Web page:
Coachella? Try UNIS at Carnegie Hall Instead


Photo by Won-Jae Chang.

Carnegie Hall, named after Andrew Carnegie, is one of the most famous and magnificently sounding concert halls in the world. This renowned building has been home to concerts from musicians such as Duke Ellington, Benny Goodman, Julie Andrews, and Yo-Yo Ma. On January 26, the United Nations International School hosted “A Festival of Orchestras,” an event inviting Middle School and High School ensembles from the area to perform at the hall in front of family and friends. The schools invited included The Brearley School, The Collegiate School, The Packer Collegiate Institute, Rudolf Steiner School, and Saint David’s School.

Every three years, the UNIS wind and string ensembles have a chance to experience the once-in-a-lifetime opportunity of playing at Carnegie Hall, which is incredibly special because of the hall’s prestige among the musical community. The string ensemble, directed by Patricio Diaz, kicked off the event with a rendition of “Amazing Grace,” with a solo performance from T3 student Amane Miura. It was followed by an arrangement of Holst’s “The Planets,” led by soloist T4 student, Won-Jae Chang. The string ensemble was accompanied by the Jazz Band — directed by Mr. Fahie — during their performance as well.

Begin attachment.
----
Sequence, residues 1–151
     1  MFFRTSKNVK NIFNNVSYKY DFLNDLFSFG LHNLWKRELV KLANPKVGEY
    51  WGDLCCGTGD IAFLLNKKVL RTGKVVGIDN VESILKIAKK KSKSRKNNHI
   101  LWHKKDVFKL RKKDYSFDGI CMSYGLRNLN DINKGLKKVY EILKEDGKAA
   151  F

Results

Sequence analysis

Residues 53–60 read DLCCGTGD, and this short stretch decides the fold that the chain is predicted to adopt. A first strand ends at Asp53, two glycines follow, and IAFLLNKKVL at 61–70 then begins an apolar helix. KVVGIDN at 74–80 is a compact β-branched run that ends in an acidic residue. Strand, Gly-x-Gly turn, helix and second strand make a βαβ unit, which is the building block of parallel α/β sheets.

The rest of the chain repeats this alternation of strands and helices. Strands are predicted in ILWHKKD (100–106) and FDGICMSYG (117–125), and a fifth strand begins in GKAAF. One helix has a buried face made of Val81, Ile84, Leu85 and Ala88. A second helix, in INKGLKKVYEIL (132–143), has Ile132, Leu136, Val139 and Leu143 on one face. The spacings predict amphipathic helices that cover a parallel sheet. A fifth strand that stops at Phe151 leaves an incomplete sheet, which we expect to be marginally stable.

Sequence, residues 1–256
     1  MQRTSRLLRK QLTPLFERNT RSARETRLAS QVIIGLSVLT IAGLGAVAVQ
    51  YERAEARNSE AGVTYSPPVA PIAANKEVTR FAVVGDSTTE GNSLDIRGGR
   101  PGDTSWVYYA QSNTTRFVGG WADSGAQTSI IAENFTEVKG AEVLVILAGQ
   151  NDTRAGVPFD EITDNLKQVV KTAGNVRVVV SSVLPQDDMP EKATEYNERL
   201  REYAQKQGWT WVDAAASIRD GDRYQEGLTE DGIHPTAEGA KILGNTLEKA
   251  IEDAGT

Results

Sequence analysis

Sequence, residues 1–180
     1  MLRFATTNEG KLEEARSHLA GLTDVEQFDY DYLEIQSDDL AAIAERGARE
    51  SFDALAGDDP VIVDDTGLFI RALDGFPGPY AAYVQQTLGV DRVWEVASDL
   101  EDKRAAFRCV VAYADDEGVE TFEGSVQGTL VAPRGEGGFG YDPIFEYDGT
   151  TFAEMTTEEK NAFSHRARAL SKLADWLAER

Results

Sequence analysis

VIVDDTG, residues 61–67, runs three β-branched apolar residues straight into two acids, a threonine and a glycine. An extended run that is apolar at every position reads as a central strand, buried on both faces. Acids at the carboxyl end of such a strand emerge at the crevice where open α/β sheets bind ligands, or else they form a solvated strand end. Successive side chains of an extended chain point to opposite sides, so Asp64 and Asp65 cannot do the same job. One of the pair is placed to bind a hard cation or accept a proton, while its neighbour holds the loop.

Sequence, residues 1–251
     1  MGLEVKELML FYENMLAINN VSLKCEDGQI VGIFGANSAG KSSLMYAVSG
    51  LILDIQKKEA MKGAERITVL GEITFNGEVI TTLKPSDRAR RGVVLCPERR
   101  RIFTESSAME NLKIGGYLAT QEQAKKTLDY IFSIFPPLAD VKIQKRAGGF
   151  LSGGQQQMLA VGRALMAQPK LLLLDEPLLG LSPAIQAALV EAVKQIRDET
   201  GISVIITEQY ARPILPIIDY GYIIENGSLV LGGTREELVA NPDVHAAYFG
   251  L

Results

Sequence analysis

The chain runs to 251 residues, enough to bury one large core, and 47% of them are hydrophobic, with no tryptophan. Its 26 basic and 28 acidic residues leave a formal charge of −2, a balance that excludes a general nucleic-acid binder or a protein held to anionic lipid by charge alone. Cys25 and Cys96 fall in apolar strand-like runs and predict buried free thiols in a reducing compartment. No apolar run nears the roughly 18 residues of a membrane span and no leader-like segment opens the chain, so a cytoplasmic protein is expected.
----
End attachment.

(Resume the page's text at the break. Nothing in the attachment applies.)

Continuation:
The wind ensemble, directed by John Henry Lambert, closed out the event with “Belonging,” an original piece by Tom Davoren (making its United States debut), then followed by “Bogota,” a world-premiering piece by Mike Fahie which was accompanied by a solo from UNIS alum, Lina Tabak. The concert then concluded with the wind ensemble’s rendition of Rimsky-Korsakov’s “Procession of the Nobles.”

Both ensembles worked long hours and extra practices on school days and weekends in order to refine and perfect each of their performances. While some believe mistakes were made, all ensembles’ performances were met with widespread applause and congratulations.